Volunteers could be responding to urgent 999 calls in London within weeks, as the capital’s ambulance service tries to tackle mounting delays.
A pilot scheme, revealed in London ambulance service (LAS) board papers at the end of March, will focus on people who fall into “category three”, where they require a response within two hours, and need extra help because of mobility problems.
Category three calls can include late stages of labour, abdominal pains, and diabetes where patients can be treated in their own home.
The report said calls from patients who are in this category and have mobility issues “results in the dispatch of an emergency ambulance, reducing ambulance availability for higher priority incidents and longer waiting times for patients”.
It added: “Following a clinical assessment, the Volunteer Ambulance Car Project will dispatch a volunteer car to these patients, reducing waiting times and increasing ambulance availability.”
It comes with ambulance response times at the worst level ever recorded – prompting the president of the Royal College of Emergency Medicine, Dr Katherine Henderson, to say lives are being put at risk by delays.
She told the Guardian: “It’s not acceptable … it’s a very, very significant loss of that basic agreement with the public about the NHS, which is that if you dial 999 and you need an ambulance – which an old person who has fallen downstairs does need – you’ll get one in a timely way.
“And we’ve broken that contract with the public. It feels shaming to me that we’re in this situation. We’ve got elderly, vulnerable people at home who need an ambulance … and we can’t get them in.”
Nationally, category 2 emergencies – including cases such as heart attacks or strokes – faced an average wait of more than an hour, against a target of 18 minutes. In London, the average was slightly lower, at 51 minutes. Category 1 incidents are defined when the patient is in a life-threatening condition.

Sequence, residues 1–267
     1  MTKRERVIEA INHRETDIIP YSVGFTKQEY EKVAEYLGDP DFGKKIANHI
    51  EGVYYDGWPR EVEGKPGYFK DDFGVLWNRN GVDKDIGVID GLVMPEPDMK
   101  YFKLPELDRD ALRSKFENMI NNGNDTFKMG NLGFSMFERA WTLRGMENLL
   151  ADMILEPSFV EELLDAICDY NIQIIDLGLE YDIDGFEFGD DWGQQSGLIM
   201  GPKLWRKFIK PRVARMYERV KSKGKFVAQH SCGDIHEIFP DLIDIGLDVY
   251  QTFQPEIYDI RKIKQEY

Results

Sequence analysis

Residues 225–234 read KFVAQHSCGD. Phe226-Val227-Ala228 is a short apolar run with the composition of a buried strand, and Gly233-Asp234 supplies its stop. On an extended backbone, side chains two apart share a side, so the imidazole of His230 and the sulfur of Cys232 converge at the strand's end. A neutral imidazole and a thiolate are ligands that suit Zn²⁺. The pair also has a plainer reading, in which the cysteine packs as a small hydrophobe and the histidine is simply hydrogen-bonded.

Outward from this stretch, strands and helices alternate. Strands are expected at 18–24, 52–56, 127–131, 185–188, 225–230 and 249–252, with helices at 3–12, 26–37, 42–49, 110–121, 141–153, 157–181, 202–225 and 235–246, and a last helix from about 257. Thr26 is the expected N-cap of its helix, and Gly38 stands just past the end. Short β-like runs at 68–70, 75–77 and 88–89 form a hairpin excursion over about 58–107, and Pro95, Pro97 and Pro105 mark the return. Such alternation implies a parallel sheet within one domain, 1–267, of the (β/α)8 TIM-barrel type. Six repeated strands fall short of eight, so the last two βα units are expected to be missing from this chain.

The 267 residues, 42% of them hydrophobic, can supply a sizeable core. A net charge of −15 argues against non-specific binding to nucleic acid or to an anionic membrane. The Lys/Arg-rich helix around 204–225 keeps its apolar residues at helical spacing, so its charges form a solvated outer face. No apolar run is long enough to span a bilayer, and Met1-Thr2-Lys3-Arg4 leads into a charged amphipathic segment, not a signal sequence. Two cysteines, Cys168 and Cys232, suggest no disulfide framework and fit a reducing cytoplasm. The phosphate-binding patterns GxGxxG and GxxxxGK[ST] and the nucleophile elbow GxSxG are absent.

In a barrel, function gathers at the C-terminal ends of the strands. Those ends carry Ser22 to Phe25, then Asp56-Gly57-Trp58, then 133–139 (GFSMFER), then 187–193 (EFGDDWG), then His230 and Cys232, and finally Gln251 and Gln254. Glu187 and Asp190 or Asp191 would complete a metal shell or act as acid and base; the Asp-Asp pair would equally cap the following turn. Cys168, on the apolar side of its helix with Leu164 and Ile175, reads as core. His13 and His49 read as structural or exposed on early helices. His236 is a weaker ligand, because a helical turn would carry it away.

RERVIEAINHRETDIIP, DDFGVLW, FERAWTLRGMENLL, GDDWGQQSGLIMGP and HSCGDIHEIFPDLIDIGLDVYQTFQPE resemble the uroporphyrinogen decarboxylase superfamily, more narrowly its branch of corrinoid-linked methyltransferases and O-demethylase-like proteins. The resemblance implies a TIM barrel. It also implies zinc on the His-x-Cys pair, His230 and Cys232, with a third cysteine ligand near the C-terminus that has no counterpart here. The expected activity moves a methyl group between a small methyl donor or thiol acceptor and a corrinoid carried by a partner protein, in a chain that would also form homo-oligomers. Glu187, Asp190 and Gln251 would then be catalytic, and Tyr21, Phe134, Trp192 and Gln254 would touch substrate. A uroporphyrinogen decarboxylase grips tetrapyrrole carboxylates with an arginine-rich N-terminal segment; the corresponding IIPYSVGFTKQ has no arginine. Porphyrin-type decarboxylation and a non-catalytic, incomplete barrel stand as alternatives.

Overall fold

Volunteers are already used by hospitals and charities to take people to outpatient appointments, and taxis are used to take low-priority patients to hospital after being assessed.
The LAS said trained volunteers already respond to 999 calls in their own car alongside ambulances. But it confirmed that such volunteers would now be deployed for lower-category calls in some instances and take patients to hospital.
An LAS spokesperson said: “These fully trained volunteers, who already respond to 999 calls in their communities, will help patients who have been assessed not to need an ambulance but who may need more support than a taxi can provide.”
NHS England and NHS Improvement support the plan, the board meeting was told, and NHS England is considering it as the basis for a “national volunteer transport” system.
The pilot will use 22 volunteers, trained by St John Ambulance and termed “community first responders”. They will be based out of six ambulance stations across the capital.
Rachel Power, chief executive of the Patients Association, said she had concerns. She told the Telegraph: “Given the long waits patients are experiencing waiting to transfer from ambulances into A&E, we’d like to know more about how patients in volunteers’ cars can be adequately medically supported if they face a long delay before being admitted.”
She added: “The introduction of a permanent volunteer force transporting 999 patients cannot be a substitute for trained paramedic staff.”
An NHS England spokesperson said: “This is a locally run pilot which will see fully trained volunteers like St John Ambulance accompany lower-risk patients to hospital where patients do not need to be managed as an emergency but are required to attend hospital following a clinical assessment.
“There are no current plans to expand this scheme more widely.”